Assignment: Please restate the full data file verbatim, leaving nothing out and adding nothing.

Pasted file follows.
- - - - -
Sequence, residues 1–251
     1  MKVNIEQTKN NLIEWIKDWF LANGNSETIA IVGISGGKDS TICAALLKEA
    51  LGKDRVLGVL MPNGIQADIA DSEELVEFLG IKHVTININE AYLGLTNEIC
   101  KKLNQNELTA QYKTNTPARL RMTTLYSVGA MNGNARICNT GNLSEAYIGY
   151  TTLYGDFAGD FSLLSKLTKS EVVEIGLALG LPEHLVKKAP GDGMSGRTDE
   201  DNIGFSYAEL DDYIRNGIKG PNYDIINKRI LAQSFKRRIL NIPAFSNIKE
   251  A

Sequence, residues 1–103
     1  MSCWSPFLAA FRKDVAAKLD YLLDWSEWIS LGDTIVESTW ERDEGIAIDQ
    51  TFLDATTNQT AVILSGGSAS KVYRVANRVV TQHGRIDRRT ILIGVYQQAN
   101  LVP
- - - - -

Sequence, residues 1–251
     1  MKVNIEQTKN NLIEWIKDWF LANGNSETIA IVGISGGKDS TICAALLKEA
    51  LGKDRVLGVL MPNGIQADIA DSEELVEFLG IKHVTININE AYLGLTNEIC
   101  KKLNQNELTA QYKTNTPARL RMTTLYSVGA MNGNARICNT GNLSEAYIGY
   151  TTLYGDFAGD FSLLSKLTKS EVVEIGLALG LPEHLVKKAP GDGMSGRTDE
   201  DNIGFSYAEL DDYIRNGIKG PNYDIINKRI LAQSFKRRIL NIPAFSNIKE
   251  A

Sequence, residues 1–103
     1  MSCWSPFLAA FRKDVAAKLD YLLDWSEWIS LGDTIVESTW ERDEGIAIDQ
    51  TFLDATTNQT AVILSGGSAS KVYRVANRVV TQHGRIDRRT ILIGVYQQAN
   101  LVP